Last month in PPM, I outlined my new ratings approach for making your selections for greyhound racing. By using the ratings approach, you will boost your prospects of making money from such betting.

Over the years, readers have asked me about how to bet the selections they make at the dogs, the general complaint being that short prices mean a level-stakes profit is unattainable.

My answer is that the greyhound punter needs to use some form of all-up betting in order to get an edge.

That is, think in terms of ONE bet actually comprising TWO dogs. When you cover a meeting you can divide the 10 races into five lots of two, mixing any races you like.

My personal preference is for the two best bets to be linked, then the next best pair and so on. Bet the most money on the best chances.

Example: The top-rated dog in race 1, say, is priced at 2/1. The next top-rated dog of the meeting is a 5 / 2 chance. These will comprise ONE BET, an all-up, taken on the TAB or at the track via bookmakers.

Let's say you have a TAB all-up and the dogs ended up paying $2.75 and $3, a little below their morning line odds (very likely to happen). Your bet of, say, $10 is going to return you $82.50, a profit of $72.50.

Get the idea? You have backed two dogs in one bet at 7/4 and 2/1 and you've turned them into one 7/1 bet. Not bad.

Other letter writers, recently and in the past, have asked me about how to convert a dog's times from one track to another. If, say, a dog can run 25.99s to win over 457m at the Gold Coast, what time is it likely to run at, say, Albion Park over 520m?

This is a tough one. All tracks vary to some degree; they have different surfaces, different bend cambers, and so on. However, as a rule of thumb we can use straightforward calculation to get a rough estimate of how a time at one track might translate to another.

Example: Let's look at Blaze Ablaze, a runner in a 520m race at Albion Park in Brisbane on December 2. He won in 25.99s over 457m at the Gold Coast on November 3 and was stepping out for his debut run at Albion Park.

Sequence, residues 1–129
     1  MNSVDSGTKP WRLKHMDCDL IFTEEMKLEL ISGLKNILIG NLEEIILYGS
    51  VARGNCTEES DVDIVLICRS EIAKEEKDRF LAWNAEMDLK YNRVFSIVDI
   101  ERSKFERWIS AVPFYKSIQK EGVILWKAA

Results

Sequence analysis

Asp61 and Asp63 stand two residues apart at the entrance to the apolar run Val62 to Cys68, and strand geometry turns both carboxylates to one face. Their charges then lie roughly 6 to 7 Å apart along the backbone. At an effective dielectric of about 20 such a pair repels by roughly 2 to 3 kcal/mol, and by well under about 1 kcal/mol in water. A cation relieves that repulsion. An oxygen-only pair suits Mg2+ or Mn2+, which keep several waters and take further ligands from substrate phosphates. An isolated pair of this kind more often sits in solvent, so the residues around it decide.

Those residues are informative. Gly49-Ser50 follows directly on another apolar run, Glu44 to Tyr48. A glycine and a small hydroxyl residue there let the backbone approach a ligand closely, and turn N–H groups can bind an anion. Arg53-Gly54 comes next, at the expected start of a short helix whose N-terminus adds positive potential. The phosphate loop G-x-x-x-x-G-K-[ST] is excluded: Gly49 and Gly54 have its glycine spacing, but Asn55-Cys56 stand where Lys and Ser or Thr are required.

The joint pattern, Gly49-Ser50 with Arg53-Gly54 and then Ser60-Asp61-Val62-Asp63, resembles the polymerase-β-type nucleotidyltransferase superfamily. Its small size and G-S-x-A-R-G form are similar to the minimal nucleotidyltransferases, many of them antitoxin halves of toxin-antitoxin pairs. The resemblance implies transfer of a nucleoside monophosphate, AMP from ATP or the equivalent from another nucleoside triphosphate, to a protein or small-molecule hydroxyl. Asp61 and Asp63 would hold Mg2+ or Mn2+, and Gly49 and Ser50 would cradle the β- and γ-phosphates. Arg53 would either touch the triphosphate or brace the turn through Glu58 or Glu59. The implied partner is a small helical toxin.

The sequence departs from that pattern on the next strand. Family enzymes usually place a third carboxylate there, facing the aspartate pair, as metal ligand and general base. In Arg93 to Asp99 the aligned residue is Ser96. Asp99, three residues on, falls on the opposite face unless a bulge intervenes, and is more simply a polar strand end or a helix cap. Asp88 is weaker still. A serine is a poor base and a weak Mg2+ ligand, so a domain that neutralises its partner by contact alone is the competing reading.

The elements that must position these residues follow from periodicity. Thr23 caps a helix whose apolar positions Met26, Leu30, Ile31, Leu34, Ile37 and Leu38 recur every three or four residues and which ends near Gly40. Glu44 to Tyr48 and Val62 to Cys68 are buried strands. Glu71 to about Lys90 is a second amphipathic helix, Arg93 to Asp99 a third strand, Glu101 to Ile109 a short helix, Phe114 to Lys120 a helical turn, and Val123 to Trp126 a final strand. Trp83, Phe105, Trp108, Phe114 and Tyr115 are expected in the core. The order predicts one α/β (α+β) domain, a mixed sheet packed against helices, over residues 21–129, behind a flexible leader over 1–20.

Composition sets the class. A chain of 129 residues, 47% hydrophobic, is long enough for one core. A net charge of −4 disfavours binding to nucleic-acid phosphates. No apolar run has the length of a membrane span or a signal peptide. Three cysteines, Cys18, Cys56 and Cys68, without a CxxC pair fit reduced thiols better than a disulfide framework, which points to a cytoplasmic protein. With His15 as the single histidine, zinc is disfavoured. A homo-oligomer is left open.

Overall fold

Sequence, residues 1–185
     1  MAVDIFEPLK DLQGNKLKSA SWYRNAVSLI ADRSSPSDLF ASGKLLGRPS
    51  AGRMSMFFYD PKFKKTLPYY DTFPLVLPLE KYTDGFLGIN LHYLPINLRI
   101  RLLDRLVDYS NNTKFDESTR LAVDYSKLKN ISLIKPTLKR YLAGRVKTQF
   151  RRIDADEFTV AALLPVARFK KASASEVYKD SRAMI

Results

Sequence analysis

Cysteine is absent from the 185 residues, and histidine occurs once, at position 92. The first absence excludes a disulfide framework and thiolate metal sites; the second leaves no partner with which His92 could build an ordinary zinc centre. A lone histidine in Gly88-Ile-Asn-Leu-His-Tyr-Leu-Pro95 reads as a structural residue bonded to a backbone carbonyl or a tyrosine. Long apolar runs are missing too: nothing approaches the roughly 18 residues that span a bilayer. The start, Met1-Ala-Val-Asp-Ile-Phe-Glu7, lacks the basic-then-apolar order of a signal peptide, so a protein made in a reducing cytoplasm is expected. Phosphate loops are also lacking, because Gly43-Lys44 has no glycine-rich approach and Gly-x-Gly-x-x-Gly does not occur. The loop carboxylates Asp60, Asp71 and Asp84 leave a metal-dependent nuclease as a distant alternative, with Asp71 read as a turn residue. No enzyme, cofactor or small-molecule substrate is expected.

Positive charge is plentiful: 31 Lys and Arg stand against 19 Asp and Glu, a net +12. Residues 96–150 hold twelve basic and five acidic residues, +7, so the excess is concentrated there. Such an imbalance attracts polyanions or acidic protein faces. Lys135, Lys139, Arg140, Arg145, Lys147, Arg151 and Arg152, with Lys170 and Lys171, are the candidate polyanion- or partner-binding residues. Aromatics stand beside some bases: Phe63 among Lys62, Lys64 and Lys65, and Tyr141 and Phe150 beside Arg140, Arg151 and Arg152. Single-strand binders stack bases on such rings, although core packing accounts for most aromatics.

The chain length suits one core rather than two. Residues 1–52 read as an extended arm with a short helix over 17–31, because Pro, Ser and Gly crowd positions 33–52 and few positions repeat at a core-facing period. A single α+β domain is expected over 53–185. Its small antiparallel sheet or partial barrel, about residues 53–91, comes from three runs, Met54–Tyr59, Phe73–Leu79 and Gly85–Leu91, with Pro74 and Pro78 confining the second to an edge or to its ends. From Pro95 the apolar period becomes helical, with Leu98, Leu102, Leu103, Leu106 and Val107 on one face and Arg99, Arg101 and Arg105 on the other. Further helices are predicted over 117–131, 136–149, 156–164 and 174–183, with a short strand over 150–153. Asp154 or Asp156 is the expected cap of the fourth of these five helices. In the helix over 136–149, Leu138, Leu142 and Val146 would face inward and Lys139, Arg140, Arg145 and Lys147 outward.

To find the time he MIGHT be able to carve out at AP, we do the following:

We divide his time at the Gold Coast by the distance of that race, 457m. That is, 25.99s divided by 457. This gives us 0.0568708. This is how fast the dog travelled. Now we multiply that figure by 520m (the distance at Albion Park) and this translates to a time of 29.57s.

Now, whether it would be possible for Blaze Ablaze to run such a fast time at Albion Park is something we have to discover by the only means possible - the race itself.

It could be that we have to ADJUST the Gold Coast time to allow for the fact that the 457m course has only one sweeping turn. How much to adjust? Again, this is something that could only be determined by comparisons of thousands of races.

Despite all this, I do feel that you can use this conversion technique to at least give yourself some sort of guide. If you feel that a converted time looks too fast for the current track, then simply make an adjustment of a certain number of lengths.

You may get it wrong sometimes, but you'll also get it right, hopefully enough times to make it a worthwhile exercise.

I had some correspondence, too, from readers who wanted more information about the availability of form on the Internet. I've already mentioned the excellent Pearson family site at

This is recommended for those punters who want to obtain as much information as possible.

For free Queensland form, but not with in-the-running details, you can go to

This excellent site provides very good form for Queensland tracks. The file doesn't have to be ownloaded. You simply print it straight off the Net page.

There are quite a few good greyhound racing sites covering the Australian scene. You can find them fairly easily by going to the Greyhound Racing Authority of Queensland site and checking the links. Once you've made one leap, you can go from site to site.

Click here to read Part 1.
Click here to read Part 2.

By George ‘Barker’ Bellfield